Candice Kumai Kintsugi

What is Kintsugi & Why Should We Care?

First we had hygge, then we had lagoom and now we’re all set to live our best lives by adopting the principles of Kintsugi.

In a nutshell kintsugi is the Japanese art of repairing pottery with gold, so instead of hiding the cracks with glue you turn them into a feature to be proud of. So of course we want to know how this can impact our lives.

Lucky then the book Kintsugi Wellness by Candice Kumai shows us practical ways to embrace the idea into our lives.

good things come to those who work hard + stay patient + persevere. #gaman if I told you how many mainstream shows passed on promoting my new book, “Kintsugi Wellness” — it would probably make you cry, too. I sat at my local cafe in Brooklyn, just a few months ago & read email after email in anguish —- of “sorry they are going to pass”, “the book is too niche for them”, “it’s not for their audience”…. as tears rolled down my cheeks, I’d call a friend to console me, this stuff hurts… all of my other books — playing very basic and safe, were always much easier to promote… But what if I told you, that I wrote this book while holding my Japanese grandmother’s hand in southern Japan, as she passed away .. what if I told you that I wrote it to heal my broken heart w the monks in the mountains & what if I told you I interviewed those who survived WWII including my family on overcoming struggles — what if I told you all we wanted to do was change the faith & future of true wellness — to get us back to basics & no frills. What if I told you that mom & I spent three years writing & editing this book together? — we fought, we cried & we bonded & what if I told you that my whole team & I put painful hours behind this book’s process so that we could just do one thing — just help you. It is my legacy. I’ve lost friends this year, painfully — that shit killed me inside— I worked on healing myself, alone & I’ve had more ups and downs than any past year of stepping away from basic wellness and “playing it safe” … as a journalist and writer — I’m going to go deeper & wider, I’m going to travel further than others & continue to help you be well, even if it’s the harder thing to do. I’m back in NYC & I’m so happy to say, we persevered & the @todayshow is going to have us back on July 9th & my mentor @dr_oz & I will be back on making matcha July 16th. I couldn’t believe it — things turned around & You simply can never lose hope 👯‍♀️⚡️ Thank you to my squad & those of you who got the book & get that it is not niche, it is for the world to share ♥️ I love you & more on how I overcame this on my podcast in the am. #WabiSabi: you get what you give. 🙏🏼 📷 @kathrynmichael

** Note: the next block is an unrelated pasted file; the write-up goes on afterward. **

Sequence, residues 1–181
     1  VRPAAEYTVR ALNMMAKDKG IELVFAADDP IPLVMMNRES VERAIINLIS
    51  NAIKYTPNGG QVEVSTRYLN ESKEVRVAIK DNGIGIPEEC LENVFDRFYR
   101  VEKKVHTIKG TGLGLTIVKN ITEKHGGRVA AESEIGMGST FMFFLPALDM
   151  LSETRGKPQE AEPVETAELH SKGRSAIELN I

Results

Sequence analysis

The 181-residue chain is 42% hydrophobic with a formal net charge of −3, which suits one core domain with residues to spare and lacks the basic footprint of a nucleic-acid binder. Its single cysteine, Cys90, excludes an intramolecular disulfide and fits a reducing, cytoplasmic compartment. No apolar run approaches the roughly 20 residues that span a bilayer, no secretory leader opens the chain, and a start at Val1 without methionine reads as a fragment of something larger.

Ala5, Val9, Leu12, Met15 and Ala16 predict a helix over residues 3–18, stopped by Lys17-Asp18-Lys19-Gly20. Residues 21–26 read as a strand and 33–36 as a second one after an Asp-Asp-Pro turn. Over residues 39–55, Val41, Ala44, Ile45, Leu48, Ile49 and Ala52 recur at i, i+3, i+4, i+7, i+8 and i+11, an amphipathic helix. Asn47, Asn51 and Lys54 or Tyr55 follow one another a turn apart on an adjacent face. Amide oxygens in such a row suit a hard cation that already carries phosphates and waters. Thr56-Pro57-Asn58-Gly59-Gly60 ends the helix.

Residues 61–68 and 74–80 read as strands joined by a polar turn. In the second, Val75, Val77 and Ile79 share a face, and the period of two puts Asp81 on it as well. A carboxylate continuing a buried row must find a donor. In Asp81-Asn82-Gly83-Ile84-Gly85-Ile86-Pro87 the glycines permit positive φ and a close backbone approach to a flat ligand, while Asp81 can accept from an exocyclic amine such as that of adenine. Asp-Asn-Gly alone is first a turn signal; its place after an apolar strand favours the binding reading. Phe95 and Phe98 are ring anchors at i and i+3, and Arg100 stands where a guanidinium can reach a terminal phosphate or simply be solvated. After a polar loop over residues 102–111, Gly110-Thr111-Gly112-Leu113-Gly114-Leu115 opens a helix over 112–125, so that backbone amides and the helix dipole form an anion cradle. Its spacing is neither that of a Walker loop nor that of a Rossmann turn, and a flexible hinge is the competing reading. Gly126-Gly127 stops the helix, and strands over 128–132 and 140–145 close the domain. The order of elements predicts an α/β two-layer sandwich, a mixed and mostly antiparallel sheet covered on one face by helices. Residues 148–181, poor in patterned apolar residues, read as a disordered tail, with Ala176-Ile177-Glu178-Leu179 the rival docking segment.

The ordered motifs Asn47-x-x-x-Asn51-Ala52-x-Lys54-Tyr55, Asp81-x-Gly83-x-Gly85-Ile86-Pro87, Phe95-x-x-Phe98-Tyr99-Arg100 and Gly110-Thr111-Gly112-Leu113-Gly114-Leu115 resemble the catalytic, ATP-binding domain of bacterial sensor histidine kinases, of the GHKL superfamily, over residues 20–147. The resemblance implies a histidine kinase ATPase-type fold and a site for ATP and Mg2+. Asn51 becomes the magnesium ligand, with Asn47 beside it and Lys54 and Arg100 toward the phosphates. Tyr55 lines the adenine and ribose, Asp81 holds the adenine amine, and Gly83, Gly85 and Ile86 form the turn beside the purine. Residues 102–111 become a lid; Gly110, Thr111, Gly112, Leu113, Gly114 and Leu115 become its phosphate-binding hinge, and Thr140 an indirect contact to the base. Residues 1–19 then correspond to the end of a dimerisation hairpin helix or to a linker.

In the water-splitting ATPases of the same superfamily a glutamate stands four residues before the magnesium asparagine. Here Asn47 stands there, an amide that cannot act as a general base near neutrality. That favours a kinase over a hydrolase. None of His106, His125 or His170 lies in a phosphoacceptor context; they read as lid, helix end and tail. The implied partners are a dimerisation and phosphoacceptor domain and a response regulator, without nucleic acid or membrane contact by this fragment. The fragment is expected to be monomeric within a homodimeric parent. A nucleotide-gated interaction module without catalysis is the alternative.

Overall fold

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Celebrate imperfection

Despite what it says on social media, other people’s lives are not perfect. So instead of comparing your life to your idea of theirs, what not celebrate yours for all that it is? The Japanese actually have a term of it, wabi-sabi refers to the knowledge that live is full of ups and downs so it’s important to celebrate both. If you want to introduce some wabi-sabi to your life stop comparing yourself to others, start practising forgiveness and cut out unnecessary material purchases from your life. Will those runners make you happy in the long-term? No, we didn’t think so!

Find balance

In both a physical and a mental sense. Balance work and play, find balance in your diet and try to eat a little better. Kintsugi isn’t about depriving yourself, instead it’s about treating yourself with respect and honouring what your body really needs.

Practice self care

Do you treat yourself well? And not treat yo’self as we know it. Do you actually take time out to mind yourself? Kumai translates the Japanese saying “ki o tskkete ne” into a term familiar to the wellness crowd: self-care. To quote another saying, you can’t pour from an empty cup so take  time out and do what makes you happy. See friends. Walk your dog. Do some yoga. Or just stay at home and recharge the batteries. You do you.

Focus on your inner circle

We know how important friends are to our health and long-term happiness. According to Kumai, there’s a philosophy called yuimaru that translates to “circle of the people”. So spend time on your friends and family, they’ll build you up and be there long after the material things have faded.



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Tags : self care